I received a terse but kind text on Tuesday of this week:
“Missing your blog.”KW
I miss it, too.
So it may seem a curiosity that I have neglected it for so long.
It’s not for lack of material. Like most I have takes on Pressing Matters of Great Importance, like Tiger King (DID Carol kill her husband and feed him to her cats?). I have ideas on how preachers should preach when the congregation is at home in their pajamas. And I have thoughts on deeper things that are not culturally urgent such as living without fear or taking vows of celibacy. I have pieces in the queue that are funny, or try to be, and some that challenge (perhaps unwisely) conventional wisdom. Not all of this should be published, but I’d like to get some of these, at least, out there to be seen. So, yes, I, too, am missing the blog.
Apart from the current challenge of pastoring a church that cannot meet, my blog writing has been curtailed for a number of reasons. First, the little time I do have each day to give to writing has continued to be drained by The Book. I completed the first complete draft of Something Worth Living For in December. January was spent re-working the text for the publisher. Then time was spent with an editor going over it once again. All the while, I’ve directed time toward gaining endorsements and other such marketing efforts. I mistakingly thought that once I was done I was done. Just this morning, fifteen minutes of my writing time was spent corresponding with Christian Focus Publications as we continue to tweak the sub-title.
But now, most of that is behind me. And yet, that has left me flopping on the deck like a fish out of water. Someone I greatly respect asked me, “So what is your next book going to be?” Wait, should there be a next book? And so I sit, pondering, sketching, thinking, and not writing. Which of my five or six ideas have potential, both of sustaining my interest and capturing the interest of a publisher? (The latter being an especially relevant question since I only have a small number of blog subscribers, not quite 500 followers on Twitter, and only a handful who find me interesting on Instagram, the metrics that make most publishers sit up and take notice.) Will anything so capture me that I’m willing to shut off other pursuits to focus on that one alone for the year or two it would take to do the writing?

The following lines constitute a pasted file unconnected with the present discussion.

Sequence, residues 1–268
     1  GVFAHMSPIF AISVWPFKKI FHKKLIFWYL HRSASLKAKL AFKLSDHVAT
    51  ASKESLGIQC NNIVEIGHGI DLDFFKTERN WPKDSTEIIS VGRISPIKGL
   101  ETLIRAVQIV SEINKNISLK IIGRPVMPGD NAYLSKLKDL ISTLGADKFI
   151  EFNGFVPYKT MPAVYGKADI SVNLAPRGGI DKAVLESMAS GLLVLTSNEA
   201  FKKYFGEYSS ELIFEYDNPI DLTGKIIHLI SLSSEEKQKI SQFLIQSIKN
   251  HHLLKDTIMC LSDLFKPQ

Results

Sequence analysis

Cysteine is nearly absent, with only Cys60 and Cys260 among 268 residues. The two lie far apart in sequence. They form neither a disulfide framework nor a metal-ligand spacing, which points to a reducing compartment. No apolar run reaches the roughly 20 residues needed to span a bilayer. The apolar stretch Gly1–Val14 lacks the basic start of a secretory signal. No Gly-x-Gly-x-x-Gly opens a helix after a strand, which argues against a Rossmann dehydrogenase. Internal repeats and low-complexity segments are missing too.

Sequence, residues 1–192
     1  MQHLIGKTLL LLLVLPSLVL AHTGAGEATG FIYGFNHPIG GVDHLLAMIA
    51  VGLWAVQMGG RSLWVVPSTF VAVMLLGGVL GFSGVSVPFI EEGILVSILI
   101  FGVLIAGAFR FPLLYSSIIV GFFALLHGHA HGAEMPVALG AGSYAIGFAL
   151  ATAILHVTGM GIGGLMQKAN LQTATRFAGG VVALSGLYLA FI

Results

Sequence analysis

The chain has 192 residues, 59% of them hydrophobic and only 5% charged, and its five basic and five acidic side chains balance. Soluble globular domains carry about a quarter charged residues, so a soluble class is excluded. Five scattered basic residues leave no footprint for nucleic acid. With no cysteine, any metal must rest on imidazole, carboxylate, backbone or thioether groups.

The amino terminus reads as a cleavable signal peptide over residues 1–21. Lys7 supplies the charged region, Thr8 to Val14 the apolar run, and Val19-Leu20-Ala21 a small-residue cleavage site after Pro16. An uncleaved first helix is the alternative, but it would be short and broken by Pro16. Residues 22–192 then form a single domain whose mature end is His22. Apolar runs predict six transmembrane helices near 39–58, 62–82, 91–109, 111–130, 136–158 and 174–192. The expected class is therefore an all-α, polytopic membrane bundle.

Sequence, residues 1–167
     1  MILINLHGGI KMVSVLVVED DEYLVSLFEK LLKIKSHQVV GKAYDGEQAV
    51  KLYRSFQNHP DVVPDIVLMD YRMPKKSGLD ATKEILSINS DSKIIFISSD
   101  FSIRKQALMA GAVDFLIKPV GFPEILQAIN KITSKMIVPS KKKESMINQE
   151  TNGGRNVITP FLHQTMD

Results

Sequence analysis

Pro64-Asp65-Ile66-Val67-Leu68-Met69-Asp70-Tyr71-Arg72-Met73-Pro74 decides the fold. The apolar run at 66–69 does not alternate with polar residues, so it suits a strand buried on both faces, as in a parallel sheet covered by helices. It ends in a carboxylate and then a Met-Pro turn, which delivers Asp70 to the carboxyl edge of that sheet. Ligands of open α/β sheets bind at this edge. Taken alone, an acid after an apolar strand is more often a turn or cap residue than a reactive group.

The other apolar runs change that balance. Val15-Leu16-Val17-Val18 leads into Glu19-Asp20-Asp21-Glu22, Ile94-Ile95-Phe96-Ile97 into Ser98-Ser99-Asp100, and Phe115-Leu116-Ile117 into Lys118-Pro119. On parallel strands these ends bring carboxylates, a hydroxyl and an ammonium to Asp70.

And then there is my desire to improve my writing. As I write, I was supposed to be in Grand Rapids, Michigan, attending the now postponed Festival of Faith and Writing. There I was to have participated in a workshop focused on writing a personal essay, a genre of great interest to me, with Meghan O’Gieblyn, an award-winning practitioner of the craft. The essay I was to have submitted for that workshop I have continued to write even though there is now no where to submit it.
And that is part of the problem as well. I am a ponderous reviser. I envy writers who seem to form a finished product in their brain which then flows from their fingers through the keyboard and out to the waiting eyes of their insatiable readers. In contrast, I am working on the tenth or eleventh revision of my unneeded essay. I now thoroughly hate it and need to lay it aside until I can like it again. It’s getting closer, but the hours I have spent, while good in sharpening my thought, and possibly (though this close to it I can’t see it) improving my writing, those were hours I could have given to the blog.
And finally it’s hard to take up the blog and build any sense of expectation in my readers when I know that I will fail you again. This blog will for the near future, at least, be a fill-in-the-gap space, which seems a paltry payment to readers who have, like my recent correspondent, encouraged me so much. You are not unappreciated. A paragraph in the acknowledgments of Something Worth Living For (look for it around November!) says, “For years faithful readers of my blog have urged me to write more.” This blog has been the genesis of much, including a book! I hope to, at least in the next few months, repay you with more frequent infrequent visits. For I miss it, too.